Amid raucous debate in Congress about an exit strategy from Iraq, U.S. commanders on the ground have already launched plans to close bases and withdraw troops in the coming year, according to two congressmen who returned from Iraq this week.
“They wouldn’t put a hard date on it, but clearly the planning is at a very mature level,” Rep. John Kline, R-Minn., said. “We can shrink down the number of bases as we shrink down the number of Americans.”
Rep. Mark Kennedy, R-Minn., who was with Kline in Iraq, said that in some places the turnover is already in progress. “They have a planned turnover process where American troops have already pulled back from some of the smaller bases.”
The lawmakers’ remarks are among the first indications that concrete steps are being taken to redeploy some of the 160,000 troops currently in Iraq. The Washington Post reported Wednesday that the Pentagon tentatively plans to reduce the number of U.S. forces in Iraq early next year by as many as three combat brigades, down from 18.
Kennedy and Kline’s statements also echoed those of Secretary of State Condoleezza Rice, who said in a televised interview that the United States probably will not need to maintain its current troop levels in Iraq much longer, though she backed off from any specific timetable.
“I do not think that American forces need to be there in the numbers that they are now because _ for very much longer _ because Iraqis are stepping up,” she told Fox News.
Kline, a former Marine colonel, and Kennedy, a Republican Senate candidate in Minnesota, were part of a bipartisan delegation that left for the Middle East hours after a House vote Friday on a proposal by Rep. John Murtha, D-Pa., to begin an immediate troop withdrawal.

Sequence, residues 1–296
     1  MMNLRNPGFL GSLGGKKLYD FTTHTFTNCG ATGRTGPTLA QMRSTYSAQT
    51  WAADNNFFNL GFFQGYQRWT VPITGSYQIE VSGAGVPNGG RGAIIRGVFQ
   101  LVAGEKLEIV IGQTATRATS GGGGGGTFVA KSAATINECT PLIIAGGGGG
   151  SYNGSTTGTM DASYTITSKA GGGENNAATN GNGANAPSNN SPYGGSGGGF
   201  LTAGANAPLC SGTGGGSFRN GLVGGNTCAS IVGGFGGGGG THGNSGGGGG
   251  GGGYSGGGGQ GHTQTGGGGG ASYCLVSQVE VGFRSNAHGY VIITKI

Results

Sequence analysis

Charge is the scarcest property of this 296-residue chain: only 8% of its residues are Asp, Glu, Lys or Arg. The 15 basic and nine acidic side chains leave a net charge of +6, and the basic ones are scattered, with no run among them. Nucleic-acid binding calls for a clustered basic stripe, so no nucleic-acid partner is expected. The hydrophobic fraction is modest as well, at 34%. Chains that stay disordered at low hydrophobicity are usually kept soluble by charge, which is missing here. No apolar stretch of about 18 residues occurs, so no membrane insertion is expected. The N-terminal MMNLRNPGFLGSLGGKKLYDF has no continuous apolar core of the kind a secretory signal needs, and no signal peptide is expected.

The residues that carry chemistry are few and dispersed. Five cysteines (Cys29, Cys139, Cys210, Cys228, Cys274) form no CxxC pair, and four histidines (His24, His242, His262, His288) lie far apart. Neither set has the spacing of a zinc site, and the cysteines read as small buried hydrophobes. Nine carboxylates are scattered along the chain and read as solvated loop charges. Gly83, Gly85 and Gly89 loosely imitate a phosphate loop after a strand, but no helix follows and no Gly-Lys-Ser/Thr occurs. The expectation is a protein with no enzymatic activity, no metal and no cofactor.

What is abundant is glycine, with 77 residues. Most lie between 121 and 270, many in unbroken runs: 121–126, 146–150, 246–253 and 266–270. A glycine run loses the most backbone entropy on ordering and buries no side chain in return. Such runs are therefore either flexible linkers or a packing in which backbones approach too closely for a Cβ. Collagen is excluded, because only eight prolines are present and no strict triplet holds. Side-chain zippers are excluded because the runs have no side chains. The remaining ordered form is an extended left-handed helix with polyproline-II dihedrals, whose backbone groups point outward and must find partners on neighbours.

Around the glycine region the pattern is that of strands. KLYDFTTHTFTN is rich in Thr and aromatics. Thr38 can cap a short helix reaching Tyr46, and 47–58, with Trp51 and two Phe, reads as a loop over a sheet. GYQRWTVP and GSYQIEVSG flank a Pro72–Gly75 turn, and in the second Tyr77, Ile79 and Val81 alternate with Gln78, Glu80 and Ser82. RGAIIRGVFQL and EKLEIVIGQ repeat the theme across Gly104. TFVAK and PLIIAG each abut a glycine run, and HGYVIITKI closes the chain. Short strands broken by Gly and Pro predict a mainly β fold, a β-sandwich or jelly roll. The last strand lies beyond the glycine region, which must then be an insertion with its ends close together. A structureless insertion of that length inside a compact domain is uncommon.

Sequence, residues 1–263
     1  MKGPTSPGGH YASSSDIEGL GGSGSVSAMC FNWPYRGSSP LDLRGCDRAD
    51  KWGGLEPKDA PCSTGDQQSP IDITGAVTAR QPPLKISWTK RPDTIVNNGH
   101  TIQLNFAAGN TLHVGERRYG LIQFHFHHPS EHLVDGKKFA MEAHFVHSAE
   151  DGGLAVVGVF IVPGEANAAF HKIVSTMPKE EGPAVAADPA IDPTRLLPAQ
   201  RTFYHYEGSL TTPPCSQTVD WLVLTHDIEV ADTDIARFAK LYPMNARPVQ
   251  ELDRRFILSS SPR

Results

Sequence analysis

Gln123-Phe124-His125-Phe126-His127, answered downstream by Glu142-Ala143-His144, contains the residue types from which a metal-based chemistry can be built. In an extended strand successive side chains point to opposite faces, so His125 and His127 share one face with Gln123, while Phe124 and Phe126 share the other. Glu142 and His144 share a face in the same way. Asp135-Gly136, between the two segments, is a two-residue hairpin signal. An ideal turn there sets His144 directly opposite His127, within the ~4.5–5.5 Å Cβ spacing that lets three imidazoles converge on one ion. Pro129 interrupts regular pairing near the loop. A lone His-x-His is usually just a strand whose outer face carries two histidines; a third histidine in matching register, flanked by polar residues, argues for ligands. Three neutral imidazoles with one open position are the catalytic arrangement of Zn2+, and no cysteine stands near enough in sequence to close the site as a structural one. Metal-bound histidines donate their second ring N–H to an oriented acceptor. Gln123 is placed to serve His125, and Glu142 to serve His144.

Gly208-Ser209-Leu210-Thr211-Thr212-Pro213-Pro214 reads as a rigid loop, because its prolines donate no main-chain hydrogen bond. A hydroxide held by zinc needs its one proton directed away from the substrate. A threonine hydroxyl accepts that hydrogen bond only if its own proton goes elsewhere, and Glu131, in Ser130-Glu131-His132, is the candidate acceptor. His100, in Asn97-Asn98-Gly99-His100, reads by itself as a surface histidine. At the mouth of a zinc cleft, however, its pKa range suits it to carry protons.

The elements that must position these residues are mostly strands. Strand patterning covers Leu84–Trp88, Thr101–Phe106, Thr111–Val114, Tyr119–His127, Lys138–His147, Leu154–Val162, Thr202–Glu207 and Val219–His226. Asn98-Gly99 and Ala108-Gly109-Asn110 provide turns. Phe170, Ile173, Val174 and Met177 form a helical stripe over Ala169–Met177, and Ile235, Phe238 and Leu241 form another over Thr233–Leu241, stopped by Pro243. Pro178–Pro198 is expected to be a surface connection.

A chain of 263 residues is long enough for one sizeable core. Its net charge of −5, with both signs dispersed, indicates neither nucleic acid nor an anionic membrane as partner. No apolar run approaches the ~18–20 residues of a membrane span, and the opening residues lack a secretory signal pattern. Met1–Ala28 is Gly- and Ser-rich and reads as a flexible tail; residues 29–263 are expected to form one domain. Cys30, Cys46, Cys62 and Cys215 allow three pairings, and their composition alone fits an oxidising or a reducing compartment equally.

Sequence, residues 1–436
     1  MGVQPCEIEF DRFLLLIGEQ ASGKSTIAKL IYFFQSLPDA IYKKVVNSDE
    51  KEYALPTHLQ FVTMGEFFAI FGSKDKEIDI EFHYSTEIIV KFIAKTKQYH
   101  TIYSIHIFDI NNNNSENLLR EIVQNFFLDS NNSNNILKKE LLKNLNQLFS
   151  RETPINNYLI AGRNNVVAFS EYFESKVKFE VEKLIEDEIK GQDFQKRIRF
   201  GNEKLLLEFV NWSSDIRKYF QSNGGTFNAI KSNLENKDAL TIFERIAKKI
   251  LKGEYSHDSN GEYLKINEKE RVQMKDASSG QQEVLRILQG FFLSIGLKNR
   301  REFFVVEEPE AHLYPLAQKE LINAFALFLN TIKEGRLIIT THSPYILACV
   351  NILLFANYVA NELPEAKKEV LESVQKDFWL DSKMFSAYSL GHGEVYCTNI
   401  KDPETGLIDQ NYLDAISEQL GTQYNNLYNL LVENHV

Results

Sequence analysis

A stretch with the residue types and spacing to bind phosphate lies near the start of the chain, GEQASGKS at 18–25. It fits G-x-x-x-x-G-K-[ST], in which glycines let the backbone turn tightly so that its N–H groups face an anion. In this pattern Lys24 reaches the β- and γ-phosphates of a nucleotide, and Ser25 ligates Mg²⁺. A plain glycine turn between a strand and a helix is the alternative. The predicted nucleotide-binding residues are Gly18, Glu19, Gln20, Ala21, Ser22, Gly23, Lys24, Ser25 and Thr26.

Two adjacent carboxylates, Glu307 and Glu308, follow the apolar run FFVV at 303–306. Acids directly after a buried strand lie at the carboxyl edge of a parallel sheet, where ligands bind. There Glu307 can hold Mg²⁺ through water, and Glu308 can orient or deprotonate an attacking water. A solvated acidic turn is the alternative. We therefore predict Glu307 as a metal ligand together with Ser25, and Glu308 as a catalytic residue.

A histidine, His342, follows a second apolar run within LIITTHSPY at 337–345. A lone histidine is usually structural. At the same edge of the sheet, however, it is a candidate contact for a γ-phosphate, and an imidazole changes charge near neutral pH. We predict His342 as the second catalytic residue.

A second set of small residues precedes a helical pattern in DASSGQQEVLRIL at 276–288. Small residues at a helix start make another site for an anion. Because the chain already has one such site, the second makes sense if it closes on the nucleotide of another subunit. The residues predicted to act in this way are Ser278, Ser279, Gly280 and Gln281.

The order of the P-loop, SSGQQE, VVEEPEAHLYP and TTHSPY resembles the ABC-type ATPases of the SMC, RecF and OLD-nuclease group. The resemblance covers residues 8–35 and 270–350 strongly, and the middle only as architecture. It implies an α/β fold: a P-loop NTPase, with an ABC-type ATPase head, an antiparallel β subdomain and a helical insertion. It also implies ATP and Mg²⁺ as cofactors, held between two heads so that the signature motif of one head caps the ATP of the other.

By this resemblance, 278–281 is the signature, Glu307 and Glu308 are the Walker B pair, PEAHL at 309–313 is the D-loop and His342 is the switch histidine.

While that proposal was overwhelmingly defeated, Kline and Kennedy say a consensus is emerging among commanders on the ground that Iraqis forces are growing in their ability to take over a much greater part of the security burden.
Kennedy said he was told that the Dec. 15 national elections in Iraq will be guarded by 230,000 Iraqi troops, compared to 130,000 in last January’s constitutional elections.
Responding to growing public dissatisfaction with the war, Democrats and Republicans in Congress are eager to see a downtick in the U.S. presence in Iraq, particularly as the 2006 congressional elections get closer.
A bipartisan group of lawmakers began lobbying House GOP leaders this week to adopt a Senate measure prodding the Bush administration to start bringing the troops home next year.
Still, some Pentagon commanders told members of the Senate Armed Services Committee that they need more manpower, not less, for the safety of the troops on the ground.
Kline and Kennedy, however, reported significant improvements in the security situation in Iraq, noting that they were able to stay overnight in Baghdad in an embassy in the Green Zone. In two previous trips, they were flown out of the country at night as a security precaution.
“Assuming the Dec. 15 elections go OK, which is critical, and assuming the continued development of the Iraqi security forces, which is going better than I anticipated, we expect a gradual, progressive reduction in American forces,” Kennedy said. “This is not a reaction to protest, but to a deliberate plan of action.”